While the thrum of activity surrounding Union Market has mostly gone quiet as D.C. observes a “stay-at-home” order, a blender still whirs from within the La Cosecha market that was still in the early phases of bringing on vendors before the novel coronavirus silenced the streets.
Zumo, the daytime component of pan-Latin cocktail bar Serenata, has been running an under-the-radar takeout and delivery operation since mid-March. The new brand, which comes from the parters behind popular Cuban cafe Colada Shop, builds trendy wellness-oriented breakfast and lunch items with Mexican, Central American, and South American sensibilities.
The Chocomey smoothie has been a top seller. Chef Tatiana Mora doesn’t add any sugar, relying on dates for sweetness to complement guava, pineapple, coconut water, almond butter, and a South American fruit called mamey — or sapote in Venezuela — which adds a texture similar to a pear. A syrup made from raw cacao nibs plays off the fruit with bitter chocolate flavors. In the Nopalito smoothie, cactus paddles get blended with pineapple, celery, orange, and parsley.
“In Mexico they eat a lot of nopal,” Mora says. “They put nopal in everything.”
Aside from getting a few hours of help from prep cooks, Mora and beverage director Andra “AJ” Johnson are working the triangular bar themselves from 11 a.m. to 4 p.m. Wednesday through Friday with a 10 a.m. start on Saturday and Sunday.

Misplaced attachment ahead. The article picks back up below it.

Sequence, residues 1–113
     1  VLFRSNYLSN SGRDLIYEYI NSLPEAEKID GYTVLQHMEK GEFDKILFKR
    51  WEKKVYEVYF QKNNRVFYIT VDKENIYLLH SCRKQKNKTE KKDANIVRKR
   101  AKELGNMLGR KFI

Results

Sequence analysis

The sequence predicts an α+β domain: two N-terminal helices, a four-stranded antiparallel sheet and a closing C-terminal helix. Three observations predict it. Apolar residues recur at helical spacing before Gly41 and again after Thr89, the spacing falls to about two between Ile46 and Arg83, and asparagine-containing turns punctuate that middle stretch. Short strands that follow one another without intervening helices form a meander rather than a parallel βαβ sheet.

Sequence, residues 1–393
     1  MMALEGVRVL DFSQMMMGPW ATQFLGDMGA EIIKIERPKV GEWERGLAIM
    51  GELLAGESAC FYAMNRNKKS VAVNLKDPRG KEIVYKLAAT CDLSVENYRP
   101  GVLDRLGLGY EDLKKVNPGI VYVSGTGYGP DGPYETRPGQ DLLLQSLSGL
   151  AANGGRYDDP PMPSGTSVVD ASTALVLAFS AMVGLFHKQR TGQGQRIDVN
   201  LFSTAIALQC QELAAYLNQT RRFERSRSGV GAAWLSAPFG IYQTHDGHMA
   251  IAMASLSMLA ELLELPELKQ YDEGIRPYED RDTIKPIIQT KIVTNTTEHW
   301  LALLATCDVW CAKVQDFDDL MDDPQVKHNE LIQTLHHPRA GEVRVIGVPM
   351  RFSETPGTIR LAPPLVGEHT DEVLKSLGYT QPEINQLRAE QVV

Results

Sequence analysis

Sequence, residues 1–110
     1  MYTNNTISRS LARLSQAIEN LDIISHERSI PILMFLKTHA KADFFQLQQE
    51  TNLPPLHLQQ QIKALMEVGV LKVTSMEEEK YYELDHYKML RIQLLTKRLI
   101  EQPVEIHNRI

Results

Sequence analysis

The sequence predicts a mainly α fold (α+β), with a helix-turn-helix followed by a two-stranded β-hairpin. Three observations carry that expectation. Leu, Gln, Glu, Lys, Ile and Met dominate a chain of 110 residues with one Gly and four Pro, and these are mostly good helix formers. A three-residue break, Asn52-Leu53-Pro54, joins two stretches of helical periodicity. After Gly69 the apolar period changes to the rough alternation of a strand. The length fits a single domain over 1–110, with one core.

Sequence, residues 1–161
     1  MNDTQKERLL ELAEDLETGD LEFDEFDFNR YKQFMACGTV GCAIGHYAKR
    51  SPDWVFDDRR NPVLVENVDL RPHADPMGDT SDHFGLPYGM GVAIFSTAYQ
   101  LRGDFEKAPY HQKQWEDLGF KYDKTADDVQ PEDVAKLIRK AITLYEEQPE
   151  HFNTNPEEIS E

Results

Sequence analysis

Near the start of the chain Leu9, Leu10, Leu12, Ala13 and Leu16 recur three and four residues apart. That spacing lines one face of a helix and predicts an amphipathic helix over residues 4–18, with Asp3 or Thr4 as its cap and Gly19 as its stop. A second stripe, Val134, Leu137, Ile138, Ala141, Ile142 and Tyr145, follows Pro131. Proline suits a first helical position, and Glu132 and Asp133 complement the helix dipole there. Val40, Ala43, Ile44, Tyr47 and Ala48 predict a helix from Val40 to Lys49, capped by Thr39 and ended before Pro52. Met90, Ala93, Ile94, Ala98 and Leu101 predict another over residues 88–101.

Even with the limited personnel power, Mora is building complex toasts. For an Argentine riff on lox and schmear dubbed the Patagonian Goat, the chef cures salmon for 48 hours in sugar, salt, pink peppercorn, cilantro, cumin, and a Peruvian pisco made of Quebranta grapes that have herbaceous and saline characteristics. The salmon goes with a baked goat cheese spread, tomato-based Spanish pisto, chimichurri. An Aguacate to My Heart toast adds charred hearts of palm, chipotle, mole sauce, and cilantro aioli to the avocado, which is “aguacate” in Spanish.
“It’s like the most amped up avocado toast ever,” Johnson says.
An Elote Caesar mashes up the ubiquitous salad — invented in Tijuana — with roasted Mexican street corn by adding roasted kernels, cotija cheese, croutons dusted in chile-lime tajin, and micro cilantro Mora grows herself. Empanadas filled with duck confit or veggies can be ordered cooked (in threes) or frozen (in six-packs).
Johnson is mixing a handful of cocktails, like a six-person Bloody Mary kit ($50), a “Best Ever” margarita, or a Dominican-centric Duende Tango from Serenata, with aged rum, mamajuana, aperol, scotch, orange Bitters, and olive. She’s also teaching Friday cocktail classes ($50) on Zoom that come with a pickup kit of spirits, mixers, garnishes, and snacks. The kit comes with enough supplies for two people to enjoy three cocktails each.
Zumo was already running as a weekend pop-up inside Serenata, but the partners decided to make most of the food menu available during the pandemic because it was already positioned as light food for people on the go. Or, as Mora puts it, “Your stomach will feel very happy with you.”